How do OTs help you put control back into your hands?

Occupational therapists are trained to treat a variety of hand-related issues that affect people of all ages. They can identify your unique needs and tailor their treatment to your goals for returning to your daily tasks. Occupational therapists use various means, including adaptations, exercises, manual work, and equipment to help you safely return to the most important tasks to you. Some of the most common hand-related issues an occupational therapist will see are arthritis, De Quervains, trigger finger, and carpal tunnel. Continue reading to find out the different techniques occupational therapists use and how to adapt to everyday tasks.

Manual Work

Occupational therapists use soft tissue mobilizations to work on the muscles, tendons, ligaments, and fascia to the body’s injured area to decrease muscle tightness and pain by stretching the tissue. Occupational therapists also use a variety of joint mobilizations to increase movement in joints. These mobilizations include passive movement while applying skilled force in specific directions to improve joint motion and decrease pain.


Occupational therapists will use exercises and stretches to help lengthen and strengthen specific muscles. These stretches target specific muscles that have increased tightness, affecting your ability to complete your daily tasks. Strengthening exercises help patients target weak muscles that are unable to complete tasks successfully. For example, when a patient has carpal tunnel syndrome, the muscles in their hands can become weak; your therapist will give you specific exercises that will increase hand strength.

Adaptations and equipment

Throughout the therapy process, it may be necessary to find ways to adapt your daily tasks to be completed without increasing pain as you continue to treat the issues. Therapists may suggest specific adaptive equipment such as larger handles to improve ease of holding items. If a task is difficult to complete “normally,” occupational therapists can suggest alternative ways to achieve them. Read below for a variety of suggestions on how to adapt some common daily tasks.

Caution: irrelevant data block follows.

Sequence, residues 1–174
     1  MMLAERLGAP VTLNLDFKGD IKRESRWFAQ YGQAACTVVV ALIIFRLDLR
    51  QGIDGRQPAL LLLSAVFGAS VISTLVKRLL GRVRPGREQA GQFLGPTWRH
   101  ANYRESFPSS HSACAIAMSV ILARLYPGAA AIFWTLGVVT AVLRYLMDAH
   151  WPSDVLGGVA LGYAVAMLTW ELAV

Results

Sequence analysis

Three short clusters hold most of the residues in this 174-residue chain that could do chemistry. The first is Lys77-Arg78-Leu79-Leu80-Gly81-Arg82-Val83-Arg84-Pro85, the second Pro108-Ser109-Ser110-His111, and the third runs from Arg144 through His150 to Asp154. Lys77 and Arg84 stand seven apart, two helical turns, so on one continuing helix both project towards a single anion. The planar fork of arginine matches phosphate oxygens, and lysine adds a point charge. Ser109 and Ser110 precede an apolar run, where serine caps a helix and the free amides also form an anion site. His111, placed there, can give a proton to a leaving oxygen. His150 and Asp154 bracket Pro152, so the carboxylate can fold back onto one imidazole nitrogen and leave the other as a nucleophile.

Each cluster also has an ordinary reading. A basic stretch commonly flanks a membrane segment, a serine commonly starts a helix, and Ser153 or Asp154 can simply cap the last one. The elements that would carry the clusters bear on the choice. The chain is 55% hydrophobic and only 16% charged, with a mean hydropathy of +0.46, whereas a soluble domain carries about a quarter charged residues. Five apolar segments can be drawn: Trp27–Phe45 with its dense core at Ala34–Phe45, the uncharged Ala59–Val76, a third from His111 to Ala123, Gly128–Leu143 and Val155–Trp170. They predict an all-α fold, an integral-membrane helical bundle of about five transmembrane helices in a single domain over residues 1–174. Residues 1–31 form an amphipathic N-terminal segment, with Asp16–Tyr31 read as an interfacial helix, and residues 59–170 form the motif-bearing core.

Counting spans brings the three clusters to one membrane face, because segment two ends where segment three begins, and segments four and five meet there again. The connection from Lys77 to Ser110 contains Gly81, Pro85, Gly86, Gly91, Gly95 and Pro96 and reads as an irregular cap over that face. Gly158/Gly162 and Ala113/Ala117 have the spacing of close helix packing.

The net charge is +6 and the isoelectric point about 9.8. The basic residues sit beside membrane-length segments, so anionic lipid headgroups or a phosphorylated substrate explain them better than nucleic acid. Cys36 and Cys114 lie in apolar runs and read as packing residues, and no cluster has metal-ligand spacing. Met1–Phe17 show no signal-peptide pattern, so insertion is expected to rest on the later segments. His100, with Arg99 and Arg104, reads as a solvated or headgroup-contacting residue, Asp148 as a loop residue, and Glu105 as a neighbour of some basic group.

Brushing Teeth

If you find it difficult to hold the toothbrush while brushing your teeth, it can be helpful to add padding to the handle to increase the size. Adding padding prevents you from using a tight grip on the toothbrush, which can cause pain. However, if you find it difficult to move the toothbrush around your mouth while brushing, try switching to an electric toothbrush. An electric toothbrush tends to do the brushing for you, decreasing the amount of movement you have to complete.


Buttons and zippers tend to present challenges to people who suffer from hand injuries. A button and zipper aid can help ease the difficulties of buttoning a shirt or zipping a jacket. Putting on socks can also be challenging to complete if a patient has difficulty maintaining their grasp on the sock as they pull it over the foot. A sock aid can allow people to put on socks more efficiently without holding the sock while dragging over the foot.

Tying your shoes

Many people who have hand pain find it difficult to tie their shoes. OTs suggest patients use shoes with velcro or change their shoelaces to no-tie shoelaces.


When you have hand pain, opening jars is an impossible task. Using a non-slip jar and bottle opener makes it easier to open jars and bottles without increasing pain. While cooking, it is essential to take frequent breaks and plan out your meals ahead of time. Planning will prevent overuse and fatigue of the hand. While chopping food items, it can help use a cutting board with spikes that can hold food in place while you are cutting them. It is also important to use lightweight pots and pans to avoid strain when lifting and washing them.


Similar to difficulties with brushing your teeth, holding utensils can be difficult when a person has pain in their hands. Silverware with large handles make it easier to maintain a grasp throughout the meal so that the hand does not have increased pain or fatigue. If you are unable to hold a utensil, I suggest you use a utensil holder. A utensil holder is a cuff that goes around your hand, which you slide a knife, fork, or spoon into so that you can still self-feed without needing to maintain your grasp on the utensil.

While these are all ways to adapt to daily tasks, it is essential to remember that it is ok to ask for help and take frequent breaks throughout the task.

Adrienne Loukopoulos graduated from St. Norbert College with a bachelors of science with a biomedical concentration. She then pursued Occupational Therapy at Mount Mary University where she graduated with a Master’s in Occupational Therapy.